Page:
From the Front Lines: A CEO's Take on Technology
What to do when you don't have the hours to get plugged in
Time is of the essence in my small design and manufacturing business. Founded in 1992, Mike & Ally makes decorative purse, bath, and tabletop accessories--everything from mother-of-pearl lipstick cases to hematite-studded cotton-ball jars--for high-end stores like Saks Fifth Avenue and Bloomingdale's. With only two principals--myself and my partner, Michael Nash--and nine employees, our energy is spread incredibly thin. By October 1993 we had a customer base of 500, more than 100 items in our line, and sales of $250,000, yet we were still handwriting our invoices. Michael and I were putting in 60-hour workweeks to handle the additional duties of controller, marketing manager, production coordinator--in short, nearly every job required to manufacture and sell our collections. We knew we had to computerize--but where to find the time to do it?
There was no question that the so-called big-bang approach (closing up shop for a technology overhaul) was not for us. The decision to go digital had come when we were at the height of shipping Christmas orders, and we calculated that if we took off even one week to automate, we'd miss the shipping dates of at least 40 customers. That could mean a loss in revenue of $40,000 down the road--a devastating blow to a company our size. And the idea of hiring a person dedicated to automating us was laughable. Michael and I were only taking home $25,000 apiece; how in the world could we pay even a part-time MIS person?
The only way to go, we decided, was to computerize on an as-needed basis: buy hardware and software only when we felt that not having it would mean losing orders or something equally as disastrous. A crucial part of the strategy was to select products as much for the way they fit into our schedule as for their features and price. For instance, we considered buying Peachtree Accounting for Windows because we were intrigued by its job-costing module but settled on Intuit's QuickBooks because it was easier to learn. And when the large department stores insisted in 1996 that we begin using electronic data interchange for order-taking, invoicing, and shipping, we sought out a service bureau that would run the system for us at a nominal fee rather than spend the hundreds of hours and the staggering sums required to bring the process in-house. Computerizing on a time shoestring, we called it.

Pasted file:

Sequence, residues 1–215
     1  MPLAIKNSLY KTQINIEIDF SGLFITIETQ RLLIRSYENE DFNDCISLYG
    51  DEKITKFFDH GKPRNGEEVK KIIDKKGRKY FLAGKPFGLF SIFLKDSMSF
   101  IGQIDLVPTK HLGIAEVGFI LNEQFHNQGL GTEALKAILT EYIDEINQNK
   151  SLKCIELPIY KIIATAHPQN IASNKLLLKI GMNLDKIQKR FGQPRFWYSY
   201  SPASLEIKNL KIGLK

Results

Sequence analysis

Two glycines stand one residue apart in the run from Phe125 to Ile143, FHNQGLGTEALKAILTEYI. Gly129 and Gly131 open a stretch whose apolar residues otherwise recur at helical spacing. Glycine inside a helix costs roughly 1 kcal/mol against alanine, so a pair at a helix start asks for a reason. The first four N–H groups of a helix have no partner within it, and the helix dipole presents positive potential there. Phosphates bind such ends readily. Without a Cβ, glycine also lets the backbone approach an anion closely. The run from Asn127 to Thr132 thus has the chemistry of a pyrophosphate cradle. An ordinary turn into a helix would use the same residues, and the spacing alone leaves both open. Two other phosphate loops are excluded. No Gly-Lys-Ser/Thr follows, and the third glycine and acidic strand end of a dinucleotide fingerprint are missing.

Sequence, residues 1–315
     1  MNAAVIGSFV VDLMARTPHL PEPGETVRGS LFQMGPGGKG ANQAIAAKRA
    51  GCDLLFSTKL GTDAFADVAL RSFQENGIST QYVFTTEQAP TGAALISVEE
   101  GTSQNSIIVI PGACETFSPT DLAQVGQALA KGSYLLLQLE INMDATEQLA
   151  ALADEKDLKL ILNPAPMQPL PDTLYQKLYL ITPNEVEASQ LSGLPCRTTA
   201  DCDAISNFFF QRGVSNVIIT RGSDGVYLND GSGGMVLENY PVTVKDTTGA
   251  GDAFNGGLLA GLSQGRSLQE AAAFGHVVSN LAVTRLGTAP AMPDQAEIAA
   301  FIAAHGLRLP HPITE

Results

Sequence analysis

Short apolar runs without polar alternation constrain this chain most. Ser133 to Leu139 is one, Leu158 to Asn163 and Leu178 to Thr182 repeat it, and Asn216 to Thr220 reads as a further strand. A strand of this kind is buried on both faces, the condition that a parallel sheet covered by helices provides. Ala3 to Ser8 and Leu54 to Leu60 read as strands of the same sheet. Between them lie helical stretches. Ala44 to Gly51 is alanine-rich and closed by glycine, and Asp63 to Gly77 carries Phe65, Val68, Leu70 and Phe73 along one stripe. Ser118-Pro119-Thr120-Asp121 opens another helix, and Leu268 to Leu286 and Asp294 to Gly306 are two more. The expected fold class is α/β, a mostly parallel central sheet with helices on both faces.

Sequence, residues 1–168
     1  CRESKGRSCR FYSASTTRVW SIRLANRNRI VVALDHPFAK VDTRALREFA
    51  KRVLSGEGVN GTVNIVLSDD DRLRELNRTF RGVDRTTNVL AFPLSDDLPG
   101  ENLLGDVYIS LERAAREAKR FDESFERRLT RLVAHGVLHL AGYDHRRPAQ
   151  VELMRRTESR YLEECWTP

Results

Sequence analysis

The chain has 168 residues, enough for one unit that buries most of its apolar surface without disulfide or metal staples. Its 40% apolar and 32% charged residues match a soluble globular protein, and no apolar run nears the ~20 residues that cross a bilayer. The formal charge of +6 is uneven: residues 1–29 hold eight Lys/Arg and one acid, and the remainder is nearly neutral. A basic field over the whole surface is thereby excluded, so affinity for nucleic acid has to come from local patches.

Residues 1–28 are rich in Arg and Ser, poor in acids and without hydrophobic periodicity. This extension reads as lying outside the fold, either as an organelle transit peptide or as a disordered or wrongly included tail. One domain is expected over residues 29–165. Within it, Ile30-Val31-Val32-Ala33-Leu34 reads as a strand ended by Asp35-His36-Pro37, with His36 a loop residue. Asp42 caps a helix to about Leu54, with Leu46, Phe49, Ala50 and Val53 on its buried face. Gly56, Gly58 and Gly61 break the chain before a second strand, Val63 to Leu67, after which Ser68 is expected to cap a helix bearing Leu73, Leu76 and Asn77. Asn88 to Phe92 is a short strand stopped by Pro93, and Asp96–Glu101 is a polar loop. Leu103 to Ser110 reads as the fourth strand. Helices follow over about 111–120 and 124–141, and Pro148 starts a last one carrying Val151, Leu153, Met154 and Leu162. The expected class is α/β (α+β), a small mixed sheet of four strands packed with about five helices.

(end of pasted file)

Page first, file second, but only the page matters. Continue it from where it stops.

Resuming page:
Devising the strategy was one thing; setting it in motion was another. We learned the hard way that there are important elements to making the approach work. For starters, you have to be flexible and willing to improvise. And we learned that you need someone, even on an extremely part-time basis, who knows what technology is best suited to your particular business. Early on, I made the mistake of buying a PC, a 486, from the same people who sold us the software we still use for our orders and invoices--Maker's Automated Clerk, from Industrious Software Solutions. Needless to say, the salesman couldn't set up the system. We finally found a consultant who could wire us up, but he could do little else. That left us on our own when we needed technical support--which was most of the time.
Things began to turn around two years ago when we hired an on-call consultant who specializes in manufacturing concerns. She agreed to provide us with unlimited phone support for $400 a year and to come to our Manhattan headquarters for $60 an hour to give us hands-on training whenever we were ready to take the next step. With her help we bought a Pentium PC and installed QuickBooks, for accounts payable and receivable; Microsoft Office, for word processing, labels, and price sheets; and Microsoft Excel, for cost sheets. During the six months it took to set up the software and master it, business more than proceeded, it boomed. We racked up $250,000 in new sales and shipped out more than $500,000 in merchandise. I shudder to think where we'd be now had we decided to automate any other way.
The payoff of computerizing on an as-needed basis has been twofold: we've been able to maintain our cash flow while speeding up operations enough to expand our business. In the last year and a half, thanks to time freed up to spend on R&D, we've increased the number of collections we offer from 3 to 14. And we've taken on some 900 new customers, including various private-label collections (I Love Lucy products for Viacom is one), which have come to account for 30% of our business. There's a personal payoff as well: with the increased time--and demand--for customized items, Michael and I have been able to return to the designing we fell in love with as artisans in the costume-jewelry business.
We still have a ways to go. We're now at almost $1 million in sales and still rely on a physical inventory--it's a lot easier to eyeball shelves of stones and beads to see what we need than to enter every raw material into the computer. Every now and then we reevaluate, again trying to quantify what we would lose, or maybe gain, by closing our doors and going full steam ahead. But the numbers always come out the same. "Slow and steady wins the race" has become our mantra for the information age.
Allison Rosson is the owner/president of Mike & Ally, a home-accessory manufacturer in New York City.
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